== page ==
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With English wine production set to double from five million bottles a year to 10 million by 2020, independent retailers must now get behind local brands.
That was the advice from Simon Stannard, European affairs director for the Wine and Spirit Trade Association (WSTA), who told Retail Express that investment over the past 15 years had now reached a point where English wine brands are now available to retailers.
“Waitrose has been leading English wine in retail but M&S have the second-largest range after expanding in the past year. Tesco launched a Tesco Finest English Sparkling Wine last year so more retailers are waking up to the opportunity,” he said.
The majority of English sparkling wine vineyards are in the south of England in counties like Kent, Sussex and Hampshire, with more still wine vineyards further north.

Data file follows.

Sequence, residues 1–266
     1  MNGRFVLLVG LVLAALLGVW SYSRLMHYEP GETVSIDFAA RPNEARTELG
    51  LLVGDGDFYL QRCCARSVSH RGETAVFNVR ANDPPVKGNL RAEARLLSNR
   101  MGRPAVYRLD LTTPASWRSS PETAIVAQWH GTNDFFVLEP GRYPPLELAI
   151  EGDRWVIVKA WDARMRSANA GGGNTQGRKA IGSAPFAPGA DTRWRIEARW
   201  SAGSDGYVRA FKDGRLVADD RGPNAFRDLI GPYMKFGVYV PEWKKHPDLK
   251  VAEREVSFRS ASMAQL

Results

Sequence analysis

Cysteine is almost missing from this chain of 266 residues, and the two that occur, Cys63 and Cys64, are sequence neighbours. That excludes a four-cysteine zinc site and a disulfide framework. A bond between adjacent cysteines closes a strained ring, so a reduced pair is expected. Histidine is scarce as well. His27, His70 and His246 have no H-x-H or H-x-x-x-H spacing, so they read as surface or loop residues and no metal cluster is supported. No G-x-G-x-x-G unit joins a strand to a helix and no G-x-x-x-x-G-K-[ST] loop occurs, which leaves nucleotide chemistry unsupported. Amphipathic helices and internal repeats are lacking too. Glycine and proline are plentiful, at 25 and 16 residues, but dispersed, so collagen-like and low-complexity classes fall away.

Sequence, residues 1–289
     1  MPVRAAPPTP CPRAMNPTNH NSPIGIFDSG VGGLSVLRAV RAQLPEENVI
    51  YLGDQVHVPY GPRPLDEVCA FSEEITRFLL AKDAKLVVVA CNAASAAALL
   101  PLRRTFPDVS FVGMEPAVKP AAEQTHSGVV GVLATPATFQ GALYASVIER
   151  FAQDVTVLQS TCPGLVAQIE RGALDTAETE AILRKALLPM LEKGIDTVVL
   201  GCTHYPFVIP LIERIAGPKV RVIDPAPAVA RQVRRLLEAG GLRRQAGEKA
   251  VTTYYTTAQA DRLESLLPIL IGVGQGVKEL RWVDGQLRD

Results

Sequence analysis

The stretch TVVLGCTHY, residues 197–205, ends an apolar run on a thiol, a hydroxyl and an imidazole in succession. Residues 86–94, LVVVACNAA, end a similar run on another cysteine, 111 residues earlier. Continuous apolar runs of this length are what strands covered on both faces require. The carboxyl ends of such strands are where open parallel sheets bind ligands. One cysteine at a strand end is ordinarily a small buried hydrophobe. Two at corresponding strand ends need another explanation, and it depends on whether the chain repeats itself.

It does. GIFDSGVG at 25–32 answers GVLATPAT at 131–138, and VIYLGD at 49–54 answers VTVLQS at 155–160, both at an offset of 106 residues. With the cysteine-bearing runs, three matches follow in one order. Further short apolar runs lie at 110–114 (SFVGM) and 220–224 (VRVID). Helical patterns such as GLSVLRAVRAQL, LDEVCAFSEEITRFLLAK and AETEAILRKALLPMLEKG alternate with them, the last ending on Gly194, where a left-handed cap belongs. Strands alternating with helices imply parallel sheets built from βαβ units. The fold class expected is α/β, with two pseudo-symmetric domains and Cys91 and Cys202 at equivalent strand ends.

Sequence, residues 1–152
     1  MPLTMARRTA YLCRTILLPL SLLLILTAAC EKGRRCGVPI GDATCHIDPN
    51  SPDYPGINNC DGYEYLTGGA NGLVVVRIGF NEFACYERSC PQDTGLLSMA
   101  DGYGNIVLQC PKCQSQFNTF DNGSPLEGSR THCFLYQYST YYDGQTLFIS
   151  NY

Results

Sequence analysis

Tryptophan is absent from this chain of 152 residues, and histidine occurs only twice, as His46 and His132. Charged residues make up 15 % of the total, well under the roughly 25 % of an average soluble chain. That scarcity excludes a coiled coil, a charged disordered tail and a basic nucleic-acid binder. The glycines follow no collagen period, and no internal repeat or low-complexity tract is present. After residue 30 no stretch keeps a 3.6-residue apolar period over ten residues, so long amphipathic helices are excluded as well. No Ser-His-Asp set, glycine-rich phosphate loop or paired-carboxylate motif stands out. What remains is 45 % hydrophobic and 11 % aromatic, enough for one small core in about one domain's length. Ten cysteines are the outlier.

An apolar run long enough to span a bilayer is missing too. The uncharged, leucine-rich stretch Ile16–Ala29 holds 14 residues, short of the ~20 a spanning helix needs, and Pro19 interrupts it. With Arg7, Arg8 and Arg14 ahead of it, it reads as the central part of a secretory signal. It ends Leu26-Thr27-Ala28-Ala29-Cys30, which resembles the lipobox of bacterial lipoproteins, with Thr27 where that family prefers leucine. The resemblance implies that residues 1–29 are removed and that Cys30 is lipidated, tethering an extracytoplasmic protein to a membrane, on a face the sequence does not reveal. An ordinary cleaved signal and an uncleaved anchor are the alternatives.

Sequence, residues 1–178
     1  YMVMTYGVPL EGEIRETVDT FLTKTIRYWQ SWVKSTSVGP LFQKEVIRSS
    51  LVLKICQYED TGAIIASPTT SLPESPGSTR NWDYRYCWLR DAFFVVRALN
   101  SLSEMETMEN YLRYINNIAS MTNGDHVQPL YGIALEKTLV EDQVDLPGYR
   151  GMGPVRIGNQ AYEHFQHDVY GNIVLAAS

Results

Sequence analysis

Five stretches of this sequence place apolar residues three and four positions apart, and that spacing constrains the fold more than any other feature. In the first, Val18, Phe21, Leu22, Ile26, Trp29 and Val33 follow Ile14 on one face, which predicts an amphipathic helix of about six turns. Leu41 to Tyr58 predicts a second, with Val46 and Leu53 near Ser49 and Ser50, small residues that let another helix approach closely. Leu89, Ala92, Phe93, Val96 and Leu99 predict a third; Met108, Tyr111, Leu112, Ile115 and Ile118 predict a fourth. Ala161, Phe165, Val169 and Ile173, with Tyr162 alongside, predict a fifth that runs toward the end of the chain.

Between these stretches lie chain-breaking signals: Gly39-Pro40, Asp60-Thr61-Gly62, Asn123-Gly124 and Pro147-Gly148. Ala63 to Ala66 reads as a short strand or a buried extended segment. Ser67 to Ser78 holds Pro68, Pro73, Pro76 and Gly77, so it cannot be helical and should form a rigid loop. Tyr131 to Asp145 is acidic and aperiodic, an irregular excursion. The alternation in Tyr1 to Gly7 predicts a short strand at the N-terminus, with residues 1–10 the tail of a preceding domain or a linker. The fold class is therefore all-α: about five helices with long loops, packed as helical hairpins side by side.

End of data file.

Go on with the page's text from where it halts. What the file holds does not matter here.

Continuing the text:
“If you live near a vineyard, go and talk to the vineyard. There are several vineyards that are aspiring to produce more than a million bottles by 2022. Chapel Down and Gusbourne in Kent and Hambledon in Hampshire have strong aspirations. Nyetimber is probably the most popular brand,” Stannard added.
“English sparkling wine is bottle fermented and takes years to complete, so wines tend to be around £20 a bottle. It’s a premium product. Still wine is more competitively priced and there are very good products that can compete with wine from the rest of the world.”
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